August 6, 2020:

When I started reading I gave up the drugs.

The drugs had had a purpose. They were to take me elsewhere, when here was intolerable. But primarily they were to calm me down, a crude self-medication, an attempt to enable focus, where at least I could somewhat control my bouncing legs and motor mouth. With books and sun and bowling alleys I could do that without chemical assistance, and since I don't particularly like being high — I stopped.

I still drank beer occasionally and there was a brief period of flirtation with whiskey abuse in the dorm. But I was no longer getting lit to get through the day. To the contrary, my fairly infrequent alcohol use was now principally for sociability.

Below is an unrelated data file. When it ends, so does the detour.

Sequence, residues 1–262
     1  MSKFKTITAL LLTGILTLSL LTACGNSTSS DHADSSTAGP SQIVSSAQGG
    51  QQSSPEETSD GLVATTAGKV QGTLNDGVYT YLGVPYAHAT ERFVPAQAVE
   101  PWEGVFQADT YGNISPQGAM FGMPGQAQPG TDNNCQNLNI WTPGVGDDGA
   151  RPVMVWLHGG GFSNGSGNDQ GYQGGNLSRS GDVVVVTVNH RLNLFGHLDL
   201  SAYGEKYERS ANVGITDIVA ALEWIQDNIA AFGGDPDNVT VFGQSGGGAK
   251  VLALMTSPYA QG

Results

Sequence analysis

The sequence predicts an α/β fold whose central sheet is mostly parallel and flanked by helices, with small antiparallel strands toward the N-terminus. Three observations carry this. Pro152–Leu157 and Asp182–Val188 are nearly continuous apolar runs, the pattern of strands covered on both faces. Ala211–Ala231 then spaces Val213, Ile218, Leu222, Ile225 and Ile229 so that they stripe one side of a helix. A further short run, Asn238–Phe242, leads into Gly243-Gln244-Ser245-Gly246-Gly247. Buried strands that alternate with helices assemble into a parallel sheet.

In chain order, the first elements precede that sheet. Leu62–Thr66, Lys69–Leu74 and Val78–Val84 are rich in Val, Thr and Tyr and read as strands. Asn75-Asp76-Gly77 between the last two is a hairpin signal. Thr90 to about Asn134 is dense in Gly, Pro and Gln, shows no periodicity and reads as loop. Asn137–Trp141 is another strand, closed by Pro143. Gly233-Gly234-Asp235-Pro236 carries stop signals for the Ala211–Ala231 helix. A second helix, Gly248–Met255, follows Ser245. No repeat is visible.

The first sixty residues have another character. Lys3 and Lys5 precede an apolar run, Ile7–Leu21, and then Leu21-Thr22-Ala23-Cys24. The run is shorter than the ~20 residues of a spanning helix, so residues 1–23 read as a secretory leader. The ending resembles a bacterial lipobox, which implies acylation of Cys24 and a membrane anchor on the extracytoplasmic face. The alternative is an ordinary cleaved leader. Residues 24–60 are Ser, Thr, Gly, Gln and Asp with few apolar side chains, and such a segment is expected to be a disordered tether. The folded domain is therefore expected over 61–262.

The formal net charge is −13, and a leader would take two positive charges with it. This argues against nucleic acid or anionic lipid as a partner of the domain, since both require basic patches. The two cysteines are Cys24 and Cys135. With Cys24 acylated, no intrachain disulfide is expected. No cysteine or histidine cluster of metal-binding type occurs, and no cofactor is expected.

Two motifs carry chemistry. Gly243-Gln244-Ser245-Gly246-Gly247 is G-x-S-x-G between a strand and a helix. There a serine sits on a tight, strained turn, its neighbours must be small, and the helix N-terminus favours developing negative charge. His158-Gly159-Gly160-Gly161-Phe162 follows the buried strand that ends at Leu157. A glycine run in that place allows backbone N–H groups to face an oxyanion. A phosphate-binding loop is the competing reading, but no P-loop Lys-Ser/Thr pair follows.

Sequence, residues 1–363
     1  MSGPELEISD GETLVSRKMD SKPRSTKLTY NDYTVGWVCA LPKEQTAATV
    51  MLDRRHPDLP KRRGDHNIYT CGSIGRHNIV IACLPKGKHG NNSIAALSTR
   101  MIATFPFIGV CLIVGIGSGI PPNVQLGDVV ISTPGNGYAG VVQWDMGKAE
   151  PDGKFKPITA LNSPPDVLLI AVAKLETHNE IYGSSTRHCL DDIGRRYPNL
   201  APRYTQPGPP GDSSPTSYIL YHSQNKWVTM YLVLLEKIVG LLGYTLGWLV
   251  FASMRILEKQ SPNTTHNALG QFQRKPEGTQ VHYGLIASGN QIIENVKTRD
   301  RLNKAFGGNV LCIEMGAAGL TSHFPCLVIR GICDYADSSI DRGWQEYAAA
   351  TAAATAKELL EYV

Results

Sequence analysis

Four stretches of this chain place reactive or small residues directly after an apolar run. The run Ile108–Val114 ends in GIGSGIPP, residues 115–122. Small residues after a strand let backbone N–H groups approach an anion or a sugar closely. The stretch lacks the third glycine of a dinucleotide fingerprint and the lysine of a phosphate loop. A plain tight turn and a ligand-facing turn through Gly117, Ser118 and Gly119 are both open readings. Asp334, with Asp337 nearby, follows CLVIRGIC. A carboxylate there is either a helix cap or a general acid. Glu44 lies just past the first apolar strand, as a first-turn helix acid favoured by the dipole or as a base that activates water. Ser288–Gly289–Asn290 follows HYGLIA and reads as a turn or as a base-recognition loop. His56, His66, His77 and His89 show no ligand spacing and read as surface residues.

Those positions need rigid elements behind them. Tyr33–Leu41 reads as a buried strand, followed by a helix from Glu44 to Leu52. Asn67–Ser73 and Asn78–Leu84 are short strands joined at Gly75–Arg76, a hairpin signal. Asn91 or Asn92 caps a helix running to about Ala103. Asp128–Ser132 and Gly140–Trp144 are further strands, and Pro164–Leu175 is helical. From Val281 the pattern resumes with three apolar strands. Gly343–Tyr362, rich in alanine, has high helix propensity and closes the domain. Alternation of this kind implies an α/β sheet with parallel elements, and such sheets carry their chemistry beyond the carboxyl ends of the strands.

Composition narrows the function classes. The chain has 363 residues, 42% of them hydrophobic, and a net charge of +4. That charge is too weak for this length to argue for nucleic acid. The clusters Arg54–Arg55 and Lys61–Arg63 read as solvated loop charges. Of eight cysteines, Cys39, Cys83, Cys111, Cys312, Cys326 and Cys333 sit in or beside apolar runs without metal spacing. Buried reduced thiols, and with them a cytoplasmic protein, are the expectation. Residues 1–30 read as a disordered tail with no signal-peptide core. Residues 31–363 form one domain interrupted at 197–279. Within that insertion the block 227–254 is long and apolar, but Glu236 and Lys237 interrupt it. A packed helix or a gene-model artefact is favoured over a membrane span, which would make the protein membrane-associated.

Ironically, this created unexpected tension with my girlfriend, my first love, the beautiful Ohio lacrosse player I'd fallen for second year. She was more ambitious for social acceptance, while I wanted to read. And because she read so much more quickly than me, she'd be done for the day, ready to pass the bong with friends. I'd be up till late, catching up; and when I finished the assignment I wanted to understand the contexts. How does Barthes relate to Levi-Strauss, Althusser, Foucault, and Derrida? To know you have to read those books, too.

So that for a whole period, from 1977 to 1984, my life was books. That's what I wanted, it's who I was, and if it hadn't been for tensions with the women who loved me I'd have been happy.